President Cyril Ramaphosa presents SA's economic recovery and reconstruction plan to a joint sitting in parliament, October 15 2020. Picture: ESA ALEXANDER/SUNDAY TIMES
President Cyril Ramaphosa presents SA's economic recovery and reconstruction plan to a joint sitting in parliament, October 15 2020. Picture: ESA ALEXANDER/SUNDAY TIMES

Listening to President Cyril Ramaphosa’s economic recovery and reconstruction plan, I was left with mixed feelings. 

The president said all the right things. The plan contains a set of laudable goals, including ensuring energy security, reducing the cost of doing business, employment stimulus, support for the SA manufacturing base, expediting tourist visas, increasing private participation in ports and release of high-speed spectrum. 

The good news is that there is broad-based agreement on these goals among business, labour and government. The contentious issue of public-sector wages was not mentioned. 

There was even acknowledgment that perhaps the government’s execution capacity is constrained. The government will be centralising the procurement of widely used items in the National Treasury. The president also announced that monitoring capacity is to be created as a joint initiative of the presidency and the Treasury. Labelled Operation Vulindlela, its purpose is to ensure the rapid implementation of the initiatives announced, and that “those responsible for their implementation are held accountable”. 

The president went on to say that, “to oversee this, a National Economic Recovery Council comprising relevant members of the cabinet will provide political oversight and enable rapid decision-making”.

This is the main issue: rapid decision-making and tangible progress relative to a timeline. In the past 12 years the SA government has shown virtually no ability to achieve this. Timelines are typically missed. Reforms are delayed. Confidence has been systemically eroded. As a result, there is little belief that delivery will follow this announcement.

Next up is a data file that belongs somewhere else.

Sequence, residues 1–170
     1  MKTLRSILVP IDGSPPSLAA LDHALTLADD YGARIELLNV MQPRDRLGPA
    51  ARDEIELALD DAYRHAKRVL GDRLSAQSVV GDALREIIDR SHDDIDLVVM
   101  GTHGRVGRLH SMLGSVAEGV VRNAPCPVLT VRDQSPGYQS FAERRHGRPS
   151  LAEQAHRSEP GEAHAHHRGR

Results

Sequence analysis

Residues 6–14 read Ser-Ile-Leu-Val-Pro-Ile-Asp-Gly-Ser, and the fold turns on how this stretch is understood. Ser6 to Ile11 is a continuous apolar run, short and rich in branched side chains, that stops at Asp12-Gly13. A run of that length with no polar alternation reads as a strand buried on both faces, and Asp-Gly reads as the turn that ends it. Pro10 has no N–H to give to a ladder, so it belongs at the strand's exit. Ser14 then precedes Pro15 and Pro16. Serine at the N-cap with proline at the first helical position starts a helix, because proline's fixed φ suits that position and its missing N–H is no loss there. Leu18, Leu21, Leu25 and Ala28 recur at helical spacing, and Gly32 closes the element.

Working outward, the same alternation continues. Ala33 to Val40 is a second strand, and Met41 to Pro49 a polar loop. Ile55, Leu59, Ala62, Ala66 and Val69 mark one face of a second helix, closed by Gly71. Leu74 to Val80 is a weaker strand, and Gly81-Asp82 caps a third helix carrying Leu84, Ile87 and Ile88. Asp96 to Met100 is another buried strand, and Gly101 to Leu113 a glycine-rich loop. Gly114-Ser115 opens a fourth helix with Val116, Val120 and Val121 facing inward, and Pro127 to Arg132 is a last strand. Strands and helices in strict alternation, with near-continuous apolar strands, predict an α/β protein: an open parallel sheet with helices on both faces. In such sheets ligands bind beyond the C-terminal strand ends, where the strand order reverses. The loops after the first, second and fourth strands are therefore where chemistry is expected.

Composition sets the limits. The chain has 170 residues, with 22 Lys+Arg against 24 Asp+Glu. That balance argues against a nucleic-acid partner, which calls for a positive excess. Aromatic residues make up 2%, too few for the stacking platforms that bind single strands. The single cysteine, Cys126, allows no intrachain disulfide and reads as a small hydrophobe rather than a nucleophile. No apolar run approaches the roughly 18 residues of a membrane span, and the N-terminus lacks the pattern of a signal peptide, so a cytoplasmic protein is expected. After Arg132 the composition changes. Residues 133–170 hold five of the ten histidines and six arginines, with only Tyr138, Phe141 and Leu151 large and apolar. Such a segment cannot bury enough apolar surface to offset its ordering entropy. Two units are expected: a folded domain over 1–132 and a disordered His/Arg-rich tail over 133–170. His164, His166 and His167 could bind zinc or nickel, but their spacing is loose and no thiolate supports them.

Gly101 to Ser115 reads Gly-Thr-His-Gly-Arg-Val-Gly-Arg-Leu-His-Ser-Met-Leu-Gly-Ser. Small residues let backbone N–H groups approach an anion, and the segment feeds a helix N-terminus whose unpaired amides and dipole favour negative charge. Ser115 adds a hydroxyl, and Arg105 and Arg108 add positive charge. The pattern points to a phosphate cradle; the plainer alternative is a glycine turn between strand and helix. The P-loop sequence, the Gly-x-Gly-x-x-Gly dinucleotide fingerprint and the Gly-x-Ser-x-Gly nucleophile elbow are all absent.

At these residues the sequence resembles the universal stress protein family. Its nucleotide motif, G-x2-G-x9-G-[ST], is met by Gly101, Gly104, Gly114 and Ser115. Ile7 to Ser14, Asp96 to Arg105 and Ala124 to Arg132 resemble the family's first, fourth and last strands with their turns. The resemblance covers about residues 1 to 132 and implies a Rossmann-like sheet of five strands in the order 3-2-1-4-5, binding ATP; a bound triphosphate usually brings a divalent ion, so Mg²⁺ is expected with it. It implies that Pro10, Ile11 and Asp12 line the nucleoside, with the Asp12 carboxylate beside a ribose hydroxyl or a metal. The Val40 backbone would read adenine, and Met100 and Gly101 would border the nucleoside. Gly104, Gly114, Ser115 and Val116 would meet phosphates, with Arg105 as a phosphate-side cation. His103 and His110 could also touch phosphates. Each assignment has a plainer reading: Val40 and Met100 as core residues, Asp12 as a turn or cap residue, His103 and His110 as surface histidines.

To reverse this degradation, tangible progress in a short period is needed. Let’s start with SA’s most pressing issue: energy insecurity. 

The department of minerals & energy is already well behind the planned schedule to bring new power on to the grid, as laid out in the 2019 Integrated Resources Plan. The required ministerial determination for the procurement of new power is at least eight months late. To an outsider, the policy process in the department appears broken. Expecting a department notorious for stalling to do something different appears optimistic. 

However, there can be dramatic shifts with the right leadership. Historically, Eskom was extremely resistant to change. Earlier in the day I listened to public enterprises minister Pravin Gordhan and Eskom group CEO André de Ruyter outline their view that the solution to SA’s energy security involved the following:

  • About 25GW to 34GW of new electricity production plant to be built over the next decade; 
  • The bulk of this to come from renewables, as wind and solar now provide the lowest-cost option for SA; 
  • As Eskom will not be able to fund this quantum of a build, local and global private-sector players will be needed; and
  • Separate systems operator and independent transmission entities are vital to generate confidence for investment. Eskom has already begun to divisionalise, appointing MDs and separate boards for generation, transmission and distribution respectively. It is aiming for functional separation by March 2021 and legal separation of transmission by December 2021, with legal separation of generation and distribution by December 2022. 

This plan is aligned with Ramaphosa’s speech. The main risk to this timetable is not Eskom. The risk is slippage in the implementation of required legislative and regulatory changes. Essentially, to keep this on track a host of government departments are required to do their job. 

Their ability to do so is questionable. As public administration minister Senzo Mchunu recently noted in an answer to parliament, 684,313 public servants were absent from work between June 1 and mid-August, on full pay. More than a fifth of all public servants (213,291 people) were on sick leave at any point during those 11 weeks. (Perhaps the government should consider pay deductions from those 684,313 employees to pay for the three-month extension of government grants?)

If Operation Vulindlela publishes a road map and holds public office bearers to account for delivery against the road map, it will be a huge success. SA is desperate for delivery. Holding the public service accountable for delivery will boost private-sector confidence, resulting in rising investment, higher growth, many more jobs and significantly lower borrowing costs for the government.

Therefore, the president needs to be ready to fire those ministers who do not deliver against this plan. Accountability needs to start at the top. 

• Moola is head of SA Investments at Ninety One.

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